Ripp Media is representing former Fox & Friends host Gretchen Carlson in a workplace sexual harassment and retaliation lawsuit she filed against Fox News CEO Roger Ailes on Wednesday.
Carlson, who had an 11-year tenure with the network, sued former boss Ailes after her contract was not renewed in late June. The suit alleges Ailes sabotaged her career at Fox after she complained about workplace inequality and rejected his sexual advances. Carlson is seeking compensatory and punitive damages.
Ailes claimed the suit was filed in retaliation for Carlson’s contract not being renewed, while Ripp Media is tasked with helping Carlson prove that is not the case. Principal Allan Ripp sat down with PRWeek to explain how his firm is doing that.
When did Gretchen Carlson bring you on? How did she select your firm?
[Ripp Media] has a long history of working with law firms on high-profile litigations. We have done a lot of prominent employment and workplace cases that have gotten a lot of press.
Because of our law firm pipeline, we connected to [Carlson] through lawyers who are representing her in this matter: Nancy Erika Smith of Smith Mullin and Martin Hyman of Golenbock Eiseman. It was Golenbock that brought us on initially, due to a referral.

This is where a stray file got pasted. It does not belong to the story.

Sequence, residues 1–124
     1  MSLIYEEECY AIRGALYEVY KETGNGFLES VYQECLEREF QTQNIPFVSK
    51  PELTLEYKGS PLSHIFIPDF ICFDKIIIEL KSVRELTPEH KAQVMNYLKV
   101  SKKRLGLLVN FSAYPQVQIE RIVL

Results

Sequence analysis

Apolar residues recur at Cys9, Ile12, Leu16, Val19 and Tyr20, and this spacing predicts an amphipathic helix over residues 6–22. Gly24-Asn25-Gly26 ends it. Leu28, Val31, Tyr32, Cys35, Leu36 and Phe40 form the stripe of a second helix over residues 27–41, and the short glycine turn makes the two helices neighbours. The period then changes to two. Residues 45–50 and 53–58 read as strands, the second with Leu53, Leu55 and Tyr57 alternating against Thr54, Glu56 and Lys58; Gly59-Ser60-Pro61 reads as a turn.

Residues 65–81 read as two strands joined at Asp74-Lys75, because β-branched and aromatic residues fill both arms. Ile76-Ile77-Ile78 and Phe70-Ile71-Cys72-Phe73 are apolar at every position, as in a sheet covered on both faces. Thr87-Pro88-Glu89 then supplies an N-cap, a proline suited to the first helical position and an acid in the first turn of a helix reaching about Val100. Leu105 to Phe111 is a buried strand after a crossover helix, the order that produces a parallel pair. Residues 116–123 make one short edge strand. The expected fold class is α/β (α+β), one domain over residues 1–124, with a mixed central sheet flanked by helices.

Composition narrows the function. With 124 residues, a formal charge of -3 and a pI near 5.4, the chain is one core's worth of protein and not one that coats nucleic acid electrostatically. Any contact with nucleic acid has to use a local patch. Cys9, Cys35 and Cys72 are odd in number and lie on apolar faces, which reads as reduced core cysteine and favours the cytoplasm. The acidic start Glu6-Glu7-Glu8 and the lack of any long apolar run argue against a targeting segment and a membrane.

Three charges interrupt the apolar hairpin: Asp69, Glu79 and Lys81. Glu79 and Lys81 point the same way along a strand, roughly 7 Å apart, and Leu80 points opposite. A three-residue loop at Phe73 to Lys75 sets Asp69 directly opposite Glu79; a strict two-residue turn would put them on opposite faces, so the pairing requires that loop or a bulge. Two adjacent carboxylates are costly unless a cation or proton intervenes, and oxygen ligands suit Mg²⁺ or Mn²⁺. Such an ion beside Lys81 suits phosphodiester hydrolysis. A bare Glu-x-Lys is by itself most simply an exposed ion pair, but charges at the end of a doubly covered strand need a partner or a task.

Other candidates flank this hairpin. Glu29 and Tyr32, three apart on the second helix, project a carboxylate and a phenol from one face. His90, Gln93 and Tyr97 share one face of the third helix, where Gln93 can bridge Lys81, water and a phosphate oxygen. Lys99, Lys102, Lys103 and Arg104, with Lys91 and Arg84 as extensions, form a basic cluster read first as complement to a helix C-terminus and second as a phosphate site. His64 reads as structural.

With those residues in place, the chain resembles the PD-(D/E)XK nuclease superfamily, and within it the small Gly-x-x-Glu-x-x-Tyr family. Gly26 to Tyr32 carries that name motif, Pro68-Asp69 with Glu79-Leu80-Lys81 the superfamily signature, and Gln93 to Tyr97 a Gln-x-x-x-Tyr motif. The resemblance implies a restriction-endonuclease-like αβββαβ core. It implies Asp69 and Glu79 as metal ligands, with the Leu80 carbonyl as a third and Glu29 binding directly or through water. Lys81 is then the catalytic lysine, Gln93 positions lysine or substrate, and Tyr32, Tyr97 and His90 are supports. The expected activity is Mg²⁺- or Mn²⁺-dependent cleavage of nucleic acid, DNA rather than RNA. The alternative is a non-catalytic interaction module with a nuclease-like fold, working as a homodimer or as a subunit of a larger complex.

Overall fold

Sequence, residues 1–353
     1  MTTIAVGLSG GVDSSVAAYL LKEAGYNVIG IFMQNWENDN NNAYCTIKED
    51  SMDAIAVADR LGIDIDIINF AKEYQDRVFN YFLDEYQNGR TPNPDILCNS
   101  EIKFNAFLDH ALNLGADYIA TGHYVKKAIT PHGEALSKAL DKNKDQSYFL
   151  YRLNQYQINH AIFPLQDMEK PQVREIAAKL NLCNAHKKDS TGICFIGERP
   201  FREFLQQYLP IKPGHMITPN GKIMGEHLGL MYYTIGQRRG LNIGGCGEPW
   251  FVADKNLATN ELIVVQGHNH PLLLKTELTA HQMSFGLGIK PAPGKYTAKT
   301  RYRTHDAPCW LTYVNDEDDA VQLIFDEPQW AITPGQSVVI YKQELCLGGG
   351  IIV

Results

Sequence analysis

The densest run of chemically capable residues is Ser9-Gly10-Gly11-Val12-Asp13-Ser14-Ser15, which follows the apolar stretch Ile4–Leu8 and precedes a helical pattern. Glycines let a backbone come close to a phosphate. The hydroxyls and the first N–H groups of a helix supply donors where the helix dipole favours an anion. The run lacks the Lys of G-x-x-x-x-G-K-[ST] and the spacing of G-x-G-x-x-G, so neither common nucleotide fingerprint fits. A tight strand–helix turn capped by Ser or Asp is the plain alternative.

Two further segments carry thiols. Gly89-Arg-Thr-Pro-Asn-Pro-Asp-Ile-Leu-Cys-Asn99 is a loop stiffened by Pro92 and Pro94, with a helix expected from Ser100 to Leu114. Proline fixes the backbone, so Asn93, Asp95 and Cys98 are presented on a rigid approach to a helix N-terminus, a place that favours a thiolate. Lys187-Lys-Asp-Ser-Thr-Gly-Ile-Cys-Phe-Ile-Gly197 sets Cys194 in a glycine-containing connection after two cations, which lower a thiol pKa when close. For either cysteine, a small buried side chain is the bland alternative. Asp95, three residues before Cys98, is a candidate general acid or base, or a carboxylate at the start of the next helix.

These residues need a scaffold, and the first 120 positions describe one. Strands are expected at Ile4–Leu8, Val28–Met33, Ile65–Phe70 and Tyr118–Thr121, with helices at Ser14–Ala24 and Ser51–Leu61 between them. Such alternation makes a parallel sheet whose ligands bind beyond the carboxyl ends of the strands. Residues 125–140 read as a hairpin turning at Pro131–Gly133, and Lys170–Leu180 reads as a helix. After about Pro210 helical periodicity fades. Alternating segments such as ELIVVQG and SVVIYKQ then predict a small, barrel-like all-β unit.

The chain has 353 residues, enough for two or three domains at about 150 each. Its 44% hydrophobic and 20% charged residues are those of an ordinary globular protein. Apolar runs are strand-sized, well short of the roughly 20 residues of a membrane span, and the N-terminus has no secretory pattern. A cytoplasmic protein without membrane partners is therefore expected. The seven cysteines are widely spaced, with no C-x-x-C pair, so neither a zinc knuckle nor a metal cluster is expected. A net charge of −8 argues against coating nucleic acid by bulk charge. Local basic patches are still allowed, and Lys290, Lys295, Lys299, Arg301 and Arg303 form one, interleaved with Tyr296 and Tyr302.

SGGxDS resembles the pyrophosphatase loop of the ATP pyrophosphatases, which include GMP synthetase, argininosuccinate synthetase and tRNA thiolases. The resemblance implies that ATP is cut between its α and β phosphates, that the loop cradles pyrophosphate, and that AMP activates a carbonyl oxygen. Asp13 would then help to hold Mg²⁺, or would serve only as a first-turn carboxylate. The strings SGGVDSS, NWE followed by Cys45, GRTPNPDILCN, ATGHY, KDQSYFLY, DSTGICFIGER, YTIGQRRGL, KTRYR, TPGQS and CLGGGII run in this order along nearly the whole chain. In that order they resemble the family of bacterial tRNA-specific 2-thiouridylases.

You will see publicity from the other side saying she [Carlson] brought this lawsuit just because she was fired. But we were discussing this effort well before she was terminated on June 23. She wasn’t planning to bring this suit so quickly, but things had to move fast once she was terminated because there was a timetable for her to respond.
We had a window because of the political conventions. You have to be careful when you file so as to not go into a news cycle that isn’t going to be as favorable.
What exactly are you handling for Carlson?
In this case, it is litigation publicity and representation of [Carlson] and her claim and the law firms. Reputation management is built into it because you have a personality with their reputation at stake, because she is being portrayed as someone who is past her prime or she had bad ratings.
What is the main message you are trying to get out there?
That this is a very serious claim of workplace sexual harassment and retaliation by a very powerful figure in the news business and [Carlson] is seeking a full public forum for her case. In the 24 hours since this case has been brought, we have heard from an inordinate number of women inside and outside the media industry, as well as people who used to work at Fox and people who used to work under Roger Ailes, who have come forward with their own anecdotes, stories, and personal histories of similar stories. Some [people’s] stories about their own mistreatment by Ailes date back 50 years ago.
[Carlson] has her own lawsuit and claims to pursue. But she also is extraneously bringing this suit on behalf of a much larger universe, not only of women in the media who have encountered unequal treatment in the newsroom, but also women in the workplace generally who are treated unfairly or also have to deal with sexual advances by their bosses.